It doesn't happen very often, but every now and then I get a request for a particular CD. My high school friend Jim requested this one, but it wasn't on my shelves. Since I was familiar with the title and am well aware of its reputation as one of the best albums in pop music history, I decided to add it to the collection. If the request had happened today, I would probably simply stream the album once, brush it off as meandering folk music, and just tell Jim that "it's just not my kind of thing." That would have been a huge mistake.
Based on the album's reputation and Jim's recommendation, I purchased the CD in March 2011 without ever previewing any of the tracks. With high expectations, I gave it a listen and initially thought it was meandering folk music that wasn't my kind of thing. I figured I must have been missing something and told myself that I should listen to the disc several more times before passing judgement. That was a good call; for me, this album was definitely an acquired taste. This is very introspective music, full of heartbreak, made to be listened to in the gloaming. Hard to believe it emerged from the mind of a 23 year old.
Critics always refer to the jazziness of the music, but I'm not hearing that. To me, it's Celtic melodies over simple blues-based chord progressions with painful yet poetic blues lyrics. Folk blues, if you will. The band is sometimes out of tune and not in the pocket, which usually annoys me to no end, but it somehow seems to work here. It's almost like the musicians are shrugging and sharing knowing looks that say "I'll get it right next time, let's keeping jamming, roll the tape." I've been listening to this for 2 years now and I'm still finding new things with every listen. Let's hope that trend continues. Dig in.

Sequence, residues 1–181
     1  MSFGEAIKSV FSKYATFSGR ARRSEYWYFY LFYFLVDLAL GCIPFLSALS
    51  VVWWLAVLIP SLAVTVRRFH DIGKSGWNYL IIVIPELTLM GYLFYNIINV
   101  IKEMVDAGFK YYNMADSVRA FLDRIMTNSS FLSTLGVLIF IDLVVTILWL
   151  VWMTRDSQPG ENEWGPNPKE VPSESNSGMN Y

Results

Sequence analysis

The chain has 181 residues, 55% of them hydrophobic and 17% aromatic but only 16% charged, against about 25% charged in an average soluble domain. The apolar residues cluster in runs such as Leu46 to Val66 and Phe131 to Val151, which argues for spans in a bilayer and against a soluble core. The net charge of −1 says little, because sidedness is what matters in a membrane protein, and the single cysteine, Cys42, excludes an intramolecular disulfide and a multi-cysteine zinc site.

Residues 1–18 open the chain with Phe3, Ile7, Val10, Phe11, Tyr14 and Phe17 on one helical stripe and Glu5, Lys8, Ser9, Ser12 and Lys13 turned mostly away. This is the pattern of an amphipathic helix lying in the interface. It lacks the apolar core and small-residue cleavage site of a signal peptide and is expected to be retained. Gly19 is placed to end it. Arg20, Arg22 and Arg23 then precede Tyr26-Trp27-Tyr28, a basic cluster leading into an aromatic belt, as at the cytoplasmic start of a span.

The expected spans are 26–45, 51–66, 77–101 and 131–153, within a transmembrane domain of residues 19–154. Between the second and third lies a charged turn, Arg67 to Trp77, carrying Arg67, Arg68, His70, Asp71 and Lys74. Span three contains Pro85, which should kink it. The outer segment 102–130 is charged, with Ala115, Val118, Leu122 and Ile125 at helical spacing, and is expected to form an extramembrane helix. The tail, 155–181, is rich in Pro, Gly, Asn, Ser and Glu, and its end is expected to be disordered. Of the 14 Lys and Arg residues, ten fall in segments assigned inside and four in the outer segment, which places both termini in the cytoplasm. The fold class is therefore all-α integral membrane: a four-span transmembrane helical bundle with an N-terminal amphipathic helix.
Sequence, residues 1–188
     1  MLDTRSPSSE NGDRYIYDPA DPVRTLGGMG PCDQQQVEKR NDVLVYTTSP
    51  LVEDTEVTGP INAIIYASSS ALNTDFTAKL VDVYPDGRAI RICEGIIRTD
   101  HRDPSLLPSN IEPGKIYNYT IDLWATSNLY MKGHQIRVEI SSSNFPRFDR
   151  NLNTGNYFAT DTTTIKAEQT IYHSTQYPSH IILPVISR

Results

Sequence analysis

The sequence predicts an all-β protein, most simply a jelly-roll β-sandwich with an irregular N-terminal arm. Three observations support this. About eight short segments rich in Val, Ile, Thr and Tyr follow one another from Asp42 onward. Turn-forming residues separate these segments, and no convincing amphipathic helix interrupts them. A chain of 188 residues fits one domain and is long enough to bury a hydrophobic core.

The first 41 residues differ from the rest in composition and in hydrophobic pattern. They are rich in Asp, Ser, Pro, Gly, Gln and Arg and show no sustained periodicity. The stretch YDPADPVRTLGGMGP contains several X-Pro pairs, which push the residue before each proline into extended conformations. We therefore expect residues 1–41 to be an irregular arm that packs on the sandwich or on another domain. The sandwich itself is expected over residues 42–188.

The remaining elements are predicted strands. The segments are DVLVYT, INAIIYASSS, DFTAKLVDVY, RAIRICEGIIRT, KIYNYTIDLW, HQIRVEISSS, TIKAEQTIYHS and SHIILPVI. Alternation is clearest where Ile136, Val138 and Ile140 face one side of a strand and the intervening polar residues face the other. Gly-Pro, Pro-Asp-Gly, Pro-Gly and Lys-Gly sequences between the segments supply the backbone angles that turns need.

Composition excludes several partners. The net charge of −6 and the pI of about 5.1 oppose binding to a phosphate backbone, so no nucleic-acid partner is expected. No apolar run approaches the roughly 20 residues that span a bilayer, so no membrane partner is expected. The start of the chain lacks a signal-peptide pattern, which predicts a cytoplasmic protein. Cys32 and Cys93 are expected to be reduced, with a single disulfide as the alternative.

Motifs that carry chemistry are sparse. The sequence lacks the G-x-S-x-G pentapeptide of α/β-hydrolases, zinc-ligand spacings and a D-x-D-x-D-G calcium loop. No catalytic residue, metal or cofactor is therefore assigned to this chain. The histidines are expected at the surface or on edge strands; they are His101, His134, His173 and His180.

- #2 on the 100 Greatest Albums Ever Made by Mojo Magazine (1995)
- #19 on the 500 Greatest Albums of All Time by Rolling Stone Magazine (2003)
- #3 on the 100 Best Albums of All Time by the London Times (1993)
- #9 on the album list in the Music of the Millennium poll by the BBC (1998)
- #6 on the 100 Greatest British Albums Ever by Q Magazine (2000).
- #6 on the 100 Greatest Singer-Songwriter Albums of All Time at Amazon.com.
- Listed in the book 1001 Albums You Must Hear Before You Die (2005)
- Listed among the All Time 100 Albums by Time Magazine (2010)
- Grammy Hall of Fame (1999)
Peak on the US Billboard Top 200 chart: Did not chart, although Andrew Ford writes, "Astral Weeks will sell as many copies this year as it did in 1968 and has every year in between."
Tracks: Although nontraditional, this is a song cycle which should be heard from beginning to end, so skipping and shuffling aren't options. Of the 8 songs here, my favorites are the title track, Sweet Thing, Madame George, and Slim Slow Slider which ditches the string accompaniment in favor of tasteful soprano saxophone obbligato.
Personal Memory Associated with this CD: None, yet. Remember that I didn't hear the album until 43 years after its release.
[Update, 15 Oct 2013: Ignore everything I wrote above and go read this beautiful piece on Astral Weeks from legendary rock critic Lester Bangs: Astral Weeks by Lester Bangs from "Stranded" (1979)]